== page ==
This is how my Mondays tend to go: I wake up, do the basic morning things, brew a fresh coffee and sit down to read my comic of the week ready for my Big Comic Page review.
As we speak, the sun is coming through gently on my desk, and the cat is cuddled up nicely on my desktop cat bed. As you can imagine, I’m looking forward to my chilled Monday.
I pick up this week’s Bunny Mask from AfterShock Comics and on page one, a young girl is having her teeth chiselled out. I’m six panels in and my Monday has already shifted to a body-itching discomfort.
“Read Dangerously” indeed.
Publisher: AfterShock Comics
Writer: Paul Tobin
Artist & Colorist: Andrea Mutti
Letterer: Taylor Esposito
Cover: Andrea Mutti
Release Date: 9th June 2021
Before I continue, I should point out that I hate most horror media. Since the late ’90s, horror has come to mean little more than shock and jump scares without much in the way of real substance. Certainly in cinema, the jump scare has taken the primary writing focus over the mental uncertainty or horror before you. Thankfully, writing requires a little more substance than just having creatures jumping out unexpectedly. For me, the perfect horror has to harmonise the immediate with the slow burn. If you need a cinematic example, take John Carpenter’s The Thing.
Opening strong with discomfort and shock, this first issue hits you like a linebacker as we witness the aforementioned child’s teeth being mutilated willingly by her chisel-wielding dad. This was a swing that landed, but the the follow up is where this book really shines. You take the initial hit, and then series writer Paul Tobin sustains the disturbing themes of the book without readers ever finding themselves sitting and waiting for the next linebacker moment.
Ever wondered if the thoughts in the back of your mind would lead to something more? The opening issue of Bunny Mask plays on that feeling, and takes it to visceral extremes. Bee “no longer got daddy’s smile” Foster is the opening focus of the story. She translated the issues warping the mind of her father Leo.
Leo Foster is haunted and obsessed with “The Snitch.” Starting as a quiet calling in the back of his mind, this quickly grows to an unhealthy, life-altering obsession, leading to him strong-arming his daughter – along with captive Tyler Severn – into mining the earth beneath his house in search for the Snitch and its secrets. Every time the story’s pacing dips, another layer of mystery or horror is added to the mix, and the desire for answers and implied threat of what his broken mind can awaken really amps up the pace of the issue.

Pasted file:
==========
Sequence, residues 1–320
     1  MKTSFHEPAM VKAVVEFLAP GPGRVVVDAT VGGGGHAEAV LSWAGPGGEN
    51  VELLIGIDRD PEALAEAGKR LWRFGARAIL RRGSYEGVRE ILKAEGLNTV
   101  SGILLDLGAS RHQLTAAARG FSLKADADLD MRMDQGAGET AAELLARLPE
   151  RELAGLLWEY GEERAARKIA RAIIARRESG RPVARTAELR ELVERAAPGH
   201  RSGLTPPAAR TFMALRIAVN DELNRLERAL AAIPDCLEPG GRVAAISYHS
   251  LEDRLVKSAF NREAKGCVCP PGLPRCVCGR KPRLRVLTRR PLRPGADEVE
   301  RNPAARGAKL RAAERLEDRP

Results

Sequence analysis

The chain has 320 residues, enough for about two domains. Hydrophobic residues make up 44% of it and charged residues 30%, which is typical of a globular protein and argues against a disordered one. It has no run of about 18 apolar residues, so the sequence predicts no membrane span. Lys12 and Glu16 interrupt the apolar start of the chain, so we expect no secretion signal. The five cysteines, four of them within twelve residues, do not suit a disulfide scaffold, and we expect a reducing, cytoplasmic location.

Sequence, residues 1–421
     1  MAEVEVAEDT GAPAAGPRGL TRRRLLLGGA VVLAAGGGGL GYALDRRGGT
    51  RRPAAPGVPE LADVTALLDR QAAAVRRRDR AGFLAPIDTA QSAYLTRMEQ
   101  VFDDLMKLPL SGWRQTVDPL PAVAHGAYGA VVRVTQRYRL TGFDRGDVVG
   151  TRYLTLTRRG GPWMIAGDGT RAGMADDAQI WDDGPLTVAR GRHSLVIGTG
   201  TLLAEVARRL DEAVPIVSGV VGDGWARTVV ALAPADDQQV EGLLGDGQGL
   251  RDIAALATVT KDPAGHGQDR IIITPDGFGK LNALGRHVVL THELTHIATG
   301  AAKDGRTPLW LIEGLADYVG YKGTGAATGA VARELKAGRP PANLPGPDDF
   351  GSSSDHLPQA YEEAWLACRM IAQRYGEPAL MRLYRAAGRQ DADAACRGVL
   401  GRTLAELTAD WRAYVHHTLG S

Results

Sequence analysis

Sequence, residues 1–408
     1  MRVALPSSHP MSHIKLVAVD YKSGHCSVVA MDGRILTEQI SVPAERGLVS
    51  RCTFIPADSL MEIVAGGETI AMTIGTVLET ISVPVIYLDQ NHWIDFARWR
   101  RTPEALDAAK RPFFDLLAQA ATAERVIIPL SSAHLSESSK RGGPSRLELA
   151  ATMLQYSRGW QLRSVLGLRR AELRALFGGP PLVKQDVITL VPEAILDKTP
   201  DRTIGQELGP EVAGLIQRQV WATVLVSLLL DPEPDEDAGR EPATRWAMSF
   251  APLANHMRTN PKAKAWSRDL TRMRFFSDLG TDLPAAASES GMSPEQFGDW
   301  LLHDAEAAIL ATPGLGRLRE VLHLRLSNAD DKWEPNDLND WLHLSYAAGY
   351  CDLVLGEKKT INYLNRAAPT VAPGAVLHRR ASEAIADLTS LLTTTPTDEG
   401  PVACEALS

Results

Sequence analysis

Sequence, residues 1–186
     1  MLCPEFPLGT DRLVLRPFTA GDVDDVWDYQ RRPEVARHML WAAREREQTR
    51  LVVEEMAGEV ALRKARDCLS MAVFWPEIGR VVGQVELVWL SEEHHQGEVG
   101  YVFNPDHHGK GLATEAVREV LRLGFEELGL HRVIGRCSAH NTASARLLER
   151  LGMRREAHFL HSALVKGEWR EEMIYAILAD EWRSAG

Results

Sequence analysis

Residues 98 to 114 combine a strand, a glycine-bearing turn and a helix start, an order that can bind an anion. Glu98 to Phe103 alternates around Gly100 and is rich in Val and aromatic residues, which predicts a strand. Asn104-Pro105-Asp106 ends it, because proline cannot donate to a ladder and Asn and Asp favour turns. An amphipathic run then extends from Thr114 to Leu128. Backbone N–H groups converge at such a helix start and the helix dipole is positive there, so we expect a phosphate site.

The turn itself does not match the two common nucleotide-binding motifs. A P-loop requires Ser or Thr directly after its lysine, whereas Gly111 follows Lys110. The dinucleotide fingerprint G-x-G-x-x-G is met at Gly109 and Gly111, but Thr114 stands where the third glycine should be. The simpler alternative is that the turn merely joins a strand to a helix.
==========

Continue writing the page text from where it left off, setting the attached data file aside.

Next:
The art and colouring by Andrea Mutti is truly beautiful. The colouring of every page is pleasant on the eyes, and even the more warped features manage to be both aesthetically pleasing and deeply discomforting. The bold reds of blood splatter captivate each page, even on backgrounds of red shades of natural earthy browns. Complimented perfectly by the weight of perfectly poised lines used in all the right places, this issue is a spectacular range of conflicts and harmony. Together, the creative team behind Bunny Mask have no issues making moments that leave you cross-eyed with disgust while still feeling a sense of a twisted joy.
With horror comics in particular, I need stories to dig teeth in me with the opening issue. The 30 day release schedule can often cause my interest to drop, with some reads ending up being totally forgotten about. Thankfully, I’m happy to report that the mystery proposed here with the barbed hook of an ending has more than secured my interest in future issues.
The themes and mystery opening up in the three key acts of issue one should spark interest in multiple reader types. For me, I like a well-built psychological puzzle showing a slow strain on the human psyche as it tries to comprehend the incomprehensible. If you like your gore horror issue one is certainly leading for more of it to come. And if you like stories that make you think “what the hell am I reading?!?”, try Bunny Mask. As I said before, this story has moments where it feels like being hit with a linebacker with the added benefit of enjoying the confusion after the impact.